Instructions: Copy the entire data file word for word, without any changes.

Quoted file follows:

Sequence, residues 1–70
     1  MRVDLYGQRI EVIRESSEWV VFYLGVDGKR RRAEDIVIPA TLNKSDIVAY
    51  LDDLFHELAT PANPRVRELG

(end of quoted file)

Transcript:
Sequence, residues 1–70
     1  MRVDLYGQRI EVIRESSEWV VFYLGVDGKR RRAEDIVIPA TLNKSDIVAY
    51  LDDLFHELAT PANPRVRELG